Stephen Paddock Ammo Supplier Indicted in Nevada Federal Court

Posted on: August 23, 2018, 12:00h. 

Last updated on: August 23, 2018, 03:05h.

Douglas Haig, an Arizona man who sold ammunition to Las Vegas mass shooter Stephen Paddock, was indicted in the US District Court of Nevada on Wednesday on one count of manufacturing ammunition without a license.

Douglas Haig Nevada indictment
Douglas Haig, the man who sold ammunition to Las Vegas mass shooter Stephen Paddock, was indicted in Nevada on Wednesday. (Image: 3TV/CBS 5)

Haig had already been charged with conspiracy to manufacture and sell armor-piercing ammunition without a license in an Arizona federal court in February. To this day, he remains the only person to be charged with a crime in connection with the October 1 shooting at the Route 91 Harvest music festival.

Haig is scheduled to appear in federal court on September 5 in Las Vegas. According to the Nevada US Attorney’s office, the Arizona case will likely be closed.

Haig Linked to Ammunition in Shooter’s Room

Haig’s connection to the Paddock shootings started with the discovery of two unfired rounds of armor-piercing ammunition that were found by investigators in Paddock’s hotel room at the Mandalay Bay. The rounds were found to contain Haig’s fingerprints, and authorities say that forensic analysis of the .308-caliber cartridges had tool marks that would be consistent with the equipment used by Haig.

In January, Haig’s name was printed on a series of police search warrant records that had been released by Clark County District Judge Elissa Cadish. When reporters showed up at Haig’s home in Arizona, he confirmed that he was part of the investigation into the mass shooting.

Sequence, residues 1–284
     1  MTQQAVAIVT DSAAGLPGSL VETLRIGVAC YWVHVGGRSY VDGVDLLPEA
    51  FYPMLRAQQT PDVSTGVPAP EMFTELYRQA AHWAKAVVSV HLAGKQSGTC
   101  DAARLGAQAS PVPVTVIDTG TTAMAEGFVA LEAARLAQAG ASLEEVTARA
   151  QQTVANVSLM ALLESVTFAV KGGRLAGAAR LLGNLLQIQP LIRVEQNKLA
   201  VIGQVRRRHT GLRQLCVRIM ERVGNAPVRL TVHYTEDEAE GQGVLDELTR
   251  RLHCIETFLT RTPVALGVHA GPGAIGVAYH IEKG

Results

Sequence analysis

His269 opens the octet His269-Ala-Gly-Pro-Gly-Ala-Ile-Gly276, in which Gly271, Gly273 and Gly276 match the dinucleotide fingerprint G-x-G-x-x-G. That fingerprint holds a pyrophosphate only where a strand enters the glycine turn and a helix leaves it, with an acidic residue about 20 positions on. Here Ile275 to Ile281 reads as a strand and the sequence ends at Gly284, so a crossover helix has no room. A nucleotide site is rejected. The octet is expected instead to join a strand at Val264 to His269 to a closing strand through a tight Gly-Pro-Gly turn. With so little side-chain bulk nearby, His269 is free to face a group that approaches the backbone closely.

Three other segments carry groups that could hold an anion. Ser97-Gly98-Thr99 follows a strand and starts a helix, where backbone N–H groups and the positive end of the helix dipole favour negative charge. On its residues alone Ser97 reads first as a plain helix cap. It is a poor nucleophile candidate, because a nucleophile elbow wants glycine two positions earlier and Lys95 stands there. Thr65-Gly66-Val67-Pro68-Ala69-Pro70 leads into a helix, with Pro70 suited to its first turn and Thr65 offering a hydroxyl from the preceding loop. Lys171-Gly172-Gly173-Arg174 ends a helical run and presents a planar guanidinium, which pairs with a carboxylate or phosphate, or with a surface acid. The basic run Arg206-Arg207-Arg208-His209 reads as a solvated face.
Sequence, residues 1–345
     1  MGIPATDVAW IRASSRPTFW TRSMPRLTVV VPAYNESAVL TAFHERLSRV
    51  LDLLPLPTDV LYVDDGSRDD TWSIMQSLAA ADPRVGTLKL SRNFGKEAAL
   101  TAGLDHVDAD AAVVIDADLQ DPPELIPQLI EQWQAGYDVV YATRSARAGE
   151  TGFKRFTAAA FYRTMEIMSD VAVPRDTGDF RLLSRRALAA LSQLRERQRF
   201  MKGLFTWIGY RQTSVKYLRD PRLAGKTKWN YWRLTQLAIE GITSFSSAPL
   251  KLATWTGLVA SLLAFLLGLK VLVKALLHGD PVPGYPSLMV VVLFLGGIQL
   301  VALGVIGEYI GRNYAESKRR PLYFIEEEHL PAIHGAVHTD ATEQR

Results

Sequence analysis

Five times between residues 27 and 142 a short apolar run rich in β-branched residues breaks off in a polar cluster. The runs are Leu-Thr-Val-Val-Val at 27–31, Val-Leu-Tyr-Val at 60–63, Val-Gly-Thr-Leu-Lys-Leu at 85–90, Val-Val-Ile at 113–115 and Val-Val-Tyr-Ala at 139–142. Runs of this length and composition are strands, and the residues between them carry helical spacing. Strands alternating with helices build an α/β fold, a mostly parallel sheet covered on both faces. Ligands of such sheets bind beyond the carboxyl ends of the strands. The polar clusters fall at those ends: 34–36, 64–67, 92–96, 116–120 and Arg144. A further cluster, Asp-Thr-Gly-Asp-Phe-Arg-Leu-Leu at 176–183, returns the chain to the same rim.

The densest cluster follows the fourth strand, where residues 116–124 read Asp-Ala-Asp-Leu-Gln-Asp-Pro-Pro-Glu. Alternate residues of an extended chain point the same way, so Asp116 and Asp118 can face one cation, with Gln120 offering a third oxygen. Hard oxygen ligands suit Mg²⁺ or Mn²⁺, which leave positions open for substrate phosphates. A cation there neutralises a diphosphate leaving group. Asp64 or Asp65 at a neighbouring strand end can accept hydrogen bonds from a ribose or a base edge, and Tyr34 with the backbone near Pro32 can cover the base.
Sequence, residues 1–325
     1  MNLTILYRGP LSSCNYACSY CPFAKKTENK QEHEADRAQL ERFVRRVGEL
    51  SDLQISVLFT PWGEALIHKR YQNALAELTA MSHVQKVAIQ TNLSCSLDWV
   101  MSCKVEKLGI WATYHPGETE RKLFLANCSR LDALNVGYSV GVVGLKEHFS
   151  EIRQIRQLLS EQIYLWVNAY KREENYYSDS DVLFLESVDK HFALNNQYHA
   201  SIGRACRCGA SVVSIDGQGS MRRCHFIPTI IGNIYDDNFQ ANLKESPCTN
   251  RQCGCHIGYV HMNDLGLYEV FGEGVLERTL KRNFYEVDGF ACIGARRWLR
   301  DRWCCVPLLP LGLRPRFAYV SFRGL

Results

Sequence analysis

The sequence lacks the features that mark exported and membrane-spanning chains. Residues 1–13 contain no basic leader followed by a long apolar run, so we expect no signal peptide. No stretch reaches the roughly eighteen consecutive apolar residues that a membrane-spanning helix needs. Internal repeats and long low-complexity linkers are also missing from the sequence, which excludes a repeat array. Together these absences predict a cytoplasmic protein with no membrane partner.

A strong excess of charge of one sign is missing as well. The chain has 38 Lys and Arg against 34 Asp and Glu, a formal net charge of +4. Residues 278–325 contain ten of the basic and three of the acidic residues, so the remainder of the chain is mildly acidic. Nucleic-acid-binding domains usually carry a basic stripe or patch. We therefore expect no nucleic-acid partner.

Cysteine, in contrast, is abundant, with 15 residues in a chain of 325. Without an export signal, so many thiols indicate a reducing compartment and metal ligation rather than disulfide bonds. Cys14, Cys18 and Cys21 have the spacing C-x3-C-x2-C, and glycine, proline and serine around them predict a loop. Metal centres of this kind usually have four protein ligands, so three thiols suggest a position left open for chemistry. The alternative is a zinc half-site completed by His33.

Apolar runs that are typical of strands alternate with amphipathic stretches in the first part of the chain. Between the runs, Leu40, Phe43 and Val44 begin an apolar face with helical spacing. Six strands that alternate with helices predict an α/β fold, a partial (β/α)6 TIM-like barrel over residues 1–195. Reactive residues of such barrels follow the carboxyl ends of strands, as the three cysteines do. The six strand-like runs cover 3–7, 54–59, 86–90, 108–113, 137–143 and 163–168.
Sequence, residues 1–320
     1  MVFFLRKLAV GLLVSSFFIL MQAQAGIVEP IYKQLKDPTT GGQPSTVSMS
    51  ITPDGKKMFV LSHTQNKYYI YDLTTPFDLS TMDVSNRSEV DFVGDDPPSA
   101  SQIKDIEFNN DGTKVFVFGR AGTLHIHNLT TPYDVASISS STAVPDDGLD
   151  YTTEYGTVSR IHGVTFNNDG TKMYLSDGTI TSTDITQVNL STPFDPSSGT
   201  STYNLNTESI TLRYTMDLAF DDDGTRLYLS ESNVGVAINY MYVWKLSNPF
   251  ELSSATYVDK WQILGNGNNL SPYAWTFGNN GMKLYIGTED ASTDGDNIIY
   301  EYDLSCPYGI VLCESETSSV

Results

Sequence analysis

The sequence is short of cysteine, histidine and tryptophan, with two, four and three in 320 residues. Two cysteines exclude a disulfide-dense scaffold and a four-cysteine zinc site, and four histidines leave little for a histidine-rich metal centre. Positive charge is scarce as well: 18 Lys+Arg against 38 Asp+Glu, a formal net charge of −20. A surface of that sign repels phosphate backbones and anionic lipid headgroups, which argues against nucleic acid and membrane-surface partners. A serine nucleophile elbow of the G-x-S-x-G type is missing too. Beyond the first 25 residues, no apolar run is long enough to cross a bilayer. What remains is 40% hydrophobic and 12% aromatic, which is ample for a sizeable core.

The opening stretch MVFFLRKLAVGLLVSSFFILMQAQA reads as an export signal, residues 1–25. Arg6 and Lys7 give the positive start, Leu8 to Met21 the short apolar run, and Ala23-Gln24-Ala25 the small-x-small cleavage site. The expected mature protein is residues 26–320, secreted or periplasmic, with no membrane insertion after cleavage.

“I’m the guy that sold ammunition to Stephen Paddock,” Haig told reporters outside his home.

According to Haig, Paddock purchased ammunition from him in August 2017 at a gun show in Las Vegas. Paddock then met up with Haig again at a Phoenix gun show in September. When the dealer didn’t have the type of bullets Paddock was looking for on hand, they made arrangements to meet at Haig’s house, where Paddock bought 720 rounds of tracer ammunition in cash.

Lawyer Says Ammo Sales Were Legal

Before his Arizona federal court appearance in February, Haig’s lawyer said that all of the sales were completed legally.

“This was a routine transaction to purchase a routine type of ammunition that is available in many different retail outlets throughout the state of Arizona,” said attorney Marc J. Victor.

But the indictment alleges that Haig was selling ammunition without a license from July 2016 through October 2017. Prosecutors allege that Haig has sold armor-piercing ammunition in several states across the country. The indictment made no direct mention of the Las Vegas shooting.

Generally speaking, a federal firearms license is required to legally manufacture armor-piercing rounds. There are exceptions for those who have received permission from the government if they aren’t believed to be selling that ammunition.

The October 1 attack left 58 victims dead and resulted in approximately 850 injuries. Paddock was found dead in his hotel room about an hour after the shooting, having shot himself.

Since the mass shooting took place, information about that night has slowly but steadily trickled out from the Las Vegas Metropolitan Police Department. The most recent court-ordered release of documentation from the attack came on Wednesday, when 22 body camera videos from police were released to the public, revealing scenes from after the shooting took place.